17 Lyrae Double star challenge

After dusting off my Bedford catalogue book by Admiral William H.Smith, I felt compelled to start seeking out some of the early observations. 1st on the list was a lesser known double star in Lyra called 17 Lyrae. Many observers go straight to the double double close to Vega for a test of optics. Yet , like with many constellations, there are some lesser known doubles which are hidden gems. So lets have a look at the star 17 Lyrae.

This is an easy object to find, just a star hop from Gamma Lyrae as shown on the image (courtesy star-splitters, word press . com).  According to the older Beford catalogue the magnitudes are 6 and 11 with a gap of 2.9 arc seconds, where one of the latest updates quotes as 5.1 and 9.1 with a gap of 3.5 arc seconds. The combination of a narrow gap, and the large range of magnitudes makes this a challenge for many amateur scopes and the UK seeing conditions.  According to the Bedford catalogue this beautiful and delicate object was discovered with the Dorpat refractor.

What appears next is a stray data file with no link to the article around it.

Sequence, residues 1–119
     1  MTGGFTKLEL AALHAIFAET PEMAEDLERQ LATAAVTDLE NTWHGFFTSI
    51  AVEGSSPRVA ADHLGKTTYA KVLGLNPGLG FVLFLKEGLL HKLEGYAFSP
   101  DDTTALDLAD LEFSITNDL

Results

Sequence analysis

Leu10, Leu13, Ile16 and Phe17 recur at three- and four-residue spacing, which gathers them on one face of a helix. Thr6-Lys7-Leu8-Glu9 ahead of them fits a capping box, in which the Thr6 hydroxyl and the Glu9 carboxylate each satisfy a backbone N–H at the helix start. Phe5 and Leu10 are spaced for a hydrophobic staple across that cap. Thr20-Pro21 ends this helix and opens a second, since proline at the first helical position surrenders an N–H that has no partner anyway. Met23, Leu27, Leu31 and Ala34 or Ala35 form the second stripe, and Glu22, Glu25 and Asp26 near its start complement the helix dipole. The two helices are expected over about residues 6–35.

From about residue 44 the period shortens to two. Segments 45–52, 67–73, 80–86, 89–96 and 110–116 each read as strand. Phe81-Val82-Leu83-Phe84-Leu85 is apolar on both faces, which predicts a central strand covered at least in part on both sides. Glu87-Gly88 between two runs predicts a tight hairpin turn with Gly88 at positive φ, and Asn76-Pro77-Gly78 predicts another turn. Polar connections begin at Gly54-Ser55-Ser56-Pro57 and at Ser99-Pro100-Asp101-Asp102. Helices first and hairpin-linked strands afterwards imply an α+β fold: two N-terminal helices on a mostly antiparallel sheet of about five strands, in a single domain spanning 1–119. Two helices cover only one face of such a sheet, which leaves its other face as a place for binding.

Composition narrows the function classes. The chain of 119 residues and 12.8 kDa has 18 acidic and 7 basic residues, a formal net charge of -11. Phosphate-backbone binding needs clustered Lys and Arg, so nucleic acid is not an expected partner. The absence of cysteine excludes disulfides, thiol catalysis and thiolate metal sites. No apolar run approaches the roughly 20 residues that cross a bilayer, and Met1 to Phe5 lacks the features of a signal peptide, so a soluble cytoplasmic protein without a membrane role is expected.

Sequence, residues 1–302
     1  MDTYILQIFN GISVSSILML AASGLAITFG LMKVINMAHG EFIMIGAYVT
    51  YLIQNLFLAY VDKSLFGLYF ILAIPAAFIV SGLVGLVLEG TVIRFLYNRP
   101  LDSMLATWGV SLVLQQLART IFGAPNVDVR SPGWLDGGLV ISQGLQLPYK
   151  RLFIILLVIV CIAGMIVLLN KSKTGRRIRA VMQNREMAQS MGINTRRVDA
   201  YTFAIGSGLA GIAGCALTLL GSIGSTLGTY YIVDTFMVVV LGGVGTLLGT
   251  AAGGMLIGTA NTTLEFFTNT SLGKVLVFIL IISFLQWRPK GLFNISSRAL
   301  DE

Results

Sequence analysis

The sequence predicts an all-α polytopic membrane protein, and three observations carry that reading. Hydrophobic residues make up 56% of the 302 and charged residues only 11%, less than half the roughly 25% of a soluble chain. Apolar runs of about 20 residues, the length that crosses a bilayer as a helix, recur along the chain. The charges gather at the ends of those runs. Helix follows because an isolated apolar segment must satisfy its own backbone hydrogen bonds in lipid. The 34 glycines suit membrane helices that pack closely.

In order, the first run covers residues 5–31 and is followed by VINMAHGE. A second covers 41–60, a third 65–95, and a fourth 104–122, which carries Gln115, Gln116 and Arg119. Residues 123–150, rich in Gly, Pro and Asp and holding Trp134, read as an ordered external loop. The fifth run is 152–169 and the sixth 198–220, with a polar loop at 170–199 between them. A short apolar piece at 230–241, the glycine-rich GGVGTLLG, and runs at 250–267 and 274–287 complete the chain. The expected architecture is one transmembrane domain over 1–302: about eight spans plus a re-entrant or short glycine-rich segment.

So on to my own observation of this double star. To repeat, its an easy star hope from Gamma Lyrae with the finderscope. My telescope used was my trusty Skywatcher 12″ Dobsonian. Once centred, I used my 5mm TMB supermonocentric eyepiece. This gem of an eyepiece is my number one choice for high magnifications. Owned it now for about 30 years and never used a better planetary eyepiece. On the Dob, this gives 300x magnification. The bright glare from the primary, dwarfed the dimmer companion, making this a test of optics. But the gap was clear (if tiny), and I was able to clearly make out the secondary star. I spent some time looking at this double star, which had a few other stars in the same field of around 8th – 10th magnitude, making for a beautiful cluster of stars.

It is looking at objects like this, that remind us about the appeal of visual observations, at a time where many budding astronomers who purchase a new telescope are only interested in astro imaging. Go out yourself and try and capture this double star. I am guessing a well collimated 4″ of greater aperture and 250x magnification will be needed

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